Thursday, September 26, 2019

Could the Borders of Russia’s North-West Federal District Become the Basis for a New Identity?

Paul Goble

            Staunton, September 22 – When Vladimir Putin created the federal districts in 2000, some warned that he might be creating the basis for the disintegration of the Russian Federation pointing out that countries with a smaller number of territorial units have been more likely to fall apart than those with a larger number.

            But two things have worked against such predictions. On the one hand, Putin has now despite expectations eliminated the regions and republics which were grouped within the federal districts but instead has maintained them in ways that compete with the federal districts rather than exist only as their subordinate parts.

            And on the other hand, few residents of the Russian Federation have invested much psychologically in these federal districts, preferring instead to identify primarily either with their regions or even more with their republics which reflect and are based on pre-existing identities or with the Russian Federation instead.

             However, the longer these federal districts exist, the more institutions of one or another kind have emerged that could support the rise of an identity. One of these is the new Radio Liberty portal SeverReal which defines as its audience the North-West Federal District rather than some older ethnic or territorial divisions like the Middle Volga or Siberia.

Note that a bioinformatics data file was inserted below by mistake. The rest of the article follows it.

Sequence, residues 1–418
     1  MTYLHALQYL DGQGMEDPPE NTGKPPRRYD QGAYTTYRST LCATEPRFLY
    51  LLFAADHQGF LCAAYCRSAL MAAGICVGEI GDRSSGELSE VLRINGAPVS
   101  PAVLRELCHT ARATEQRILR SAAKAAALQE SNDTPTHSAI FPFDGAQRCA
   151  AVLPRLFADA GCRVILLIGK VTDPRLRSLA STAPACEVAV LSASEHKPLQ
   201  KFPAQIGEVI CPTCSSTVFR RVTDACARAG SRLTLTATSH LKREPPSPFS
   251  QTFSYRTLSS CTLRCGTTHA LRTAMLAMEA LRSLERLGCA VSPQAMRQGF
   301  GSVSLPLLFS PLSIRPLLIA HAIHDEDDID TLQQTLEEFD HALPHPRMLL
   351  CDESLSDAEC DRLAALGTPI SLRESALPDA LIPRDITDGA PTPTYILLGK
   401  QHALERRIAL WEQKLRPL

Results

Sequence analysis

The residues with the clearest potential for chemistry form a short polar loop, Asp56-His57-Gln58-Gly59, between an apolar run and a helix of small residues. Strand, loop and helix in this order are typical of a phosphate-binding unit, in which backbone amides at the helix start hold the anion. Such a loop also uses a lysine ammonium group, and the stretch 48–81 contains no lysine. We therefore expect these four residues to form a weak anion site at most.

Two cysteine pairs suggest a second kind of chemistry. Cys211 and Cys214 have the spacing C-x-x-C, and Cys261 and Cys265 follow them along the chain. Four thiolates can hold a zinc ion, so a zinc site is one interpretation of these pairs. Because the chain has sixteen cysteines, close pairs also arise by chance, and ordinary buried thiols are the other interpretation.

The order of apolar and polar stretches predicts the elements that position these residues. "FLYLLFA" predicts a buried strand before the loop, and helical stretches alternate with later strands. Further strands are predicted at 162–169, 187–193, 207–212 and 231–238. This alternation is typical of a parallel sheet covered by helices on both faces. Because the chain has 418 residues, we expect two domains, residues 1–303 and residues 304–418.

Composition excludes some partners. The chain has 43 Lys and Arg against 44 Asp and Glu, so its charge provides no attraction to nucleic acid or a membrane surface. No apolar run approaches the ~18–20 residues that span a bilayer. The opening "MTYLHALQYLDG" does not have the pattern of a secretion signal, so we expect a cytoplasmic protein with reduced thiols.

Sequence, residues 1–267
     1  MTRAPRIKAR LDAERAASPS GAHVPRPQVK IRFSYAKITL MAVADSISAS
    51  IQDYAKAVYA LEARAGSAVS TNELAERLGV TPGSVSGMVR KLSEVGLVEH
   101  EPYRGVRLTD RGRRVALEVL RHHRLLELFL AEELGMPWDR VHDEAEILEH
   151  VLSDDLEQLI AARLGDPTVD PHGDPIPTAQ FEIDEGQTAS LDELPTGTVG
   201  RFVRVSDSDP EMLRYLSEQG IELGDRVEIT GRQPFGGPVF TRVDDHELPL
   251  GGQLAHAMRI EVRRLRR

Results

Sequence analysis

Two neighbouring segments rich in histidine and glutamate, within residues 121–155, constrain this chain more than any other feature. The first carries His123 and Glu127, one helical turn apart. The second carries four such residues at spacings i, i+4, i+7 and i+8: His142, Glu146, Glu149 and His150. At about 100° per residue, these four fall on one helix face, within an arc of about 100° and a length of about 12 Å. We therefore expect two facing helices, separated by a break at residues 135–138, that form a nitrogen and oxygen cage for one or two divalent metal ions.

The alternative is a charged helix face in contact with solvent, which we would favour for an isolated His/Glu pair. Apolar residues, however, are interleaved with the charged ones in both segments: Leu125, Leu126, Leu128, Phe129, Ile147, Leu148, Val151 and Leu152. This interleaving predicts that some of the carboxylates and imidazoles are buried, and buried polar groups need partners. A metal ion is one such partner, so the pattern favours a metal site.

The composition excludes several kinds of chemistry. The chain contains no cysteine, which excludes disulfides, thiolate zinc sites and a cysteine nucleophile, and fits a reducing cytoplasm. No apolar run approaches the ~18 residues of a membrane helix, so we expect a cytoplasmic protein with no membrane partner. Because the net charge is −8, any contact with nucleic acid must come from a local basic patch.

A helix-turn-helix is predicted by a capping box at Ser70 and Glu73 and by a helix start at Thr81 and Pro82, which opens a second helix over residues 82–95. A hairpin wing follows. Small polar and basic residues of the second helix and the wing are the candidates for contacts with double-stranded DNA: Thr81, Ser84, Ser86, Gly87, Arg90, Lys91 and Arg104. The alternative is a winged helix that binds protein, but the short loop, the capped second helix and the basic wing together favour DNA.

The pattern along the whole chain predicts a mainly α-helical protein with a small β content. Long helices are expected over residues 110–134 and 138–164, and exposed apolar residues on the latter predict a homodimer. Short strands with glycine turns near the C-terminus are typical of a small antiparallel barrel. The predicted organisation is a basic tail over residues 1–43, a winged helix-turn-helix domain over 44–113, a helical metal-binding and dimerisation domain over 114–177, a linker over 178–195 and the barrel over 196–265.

The portal asked Andrey Teslya, a philosopher in Kaliningrad, one of the federal subjects of the North-West FD, to reflect on the ways in which the borders of that structure may become the basis for a new identity, one that in some cases could compete with other identities or in other reinforce it (

                To find something in common among the various federal subjects included within the North-West FD is extremely difficult, Teslya says. To find commonalities between St. Petersburg and the Nenets AD or between those or others with Kaliningrad exclave is far more difficult than “trying to construe a single ‘identity’ of Petersburgers and Muscovites.”   

            But – and this is important – borders imposed for administrative purposes may over time have other consequences including becoming the basis of new identities, he says. That is the case with many of the regional borders in the Russian Federation, which were imposed from above but now allow residents to speak of an identity rooted in them.

            That is “the power of borders,” Teslya says. “They can be imposed as if by chance or have one completely clear logic, for example, the logic of military districts, and have little in common with cultural, economic or other logics” and then over time lose their original purpose or come to be seen as “natural” and the obvious basis for identity. 

            If SeverReal becomes sufficiently popular and if residents of this diverse FD come to rely on it as a common information space, then the FD will take on a meaning perhaps quite different from the one that caused it to be created in the first place.  And that identity may continue even if the powers that be which created the territorial unit disappear.

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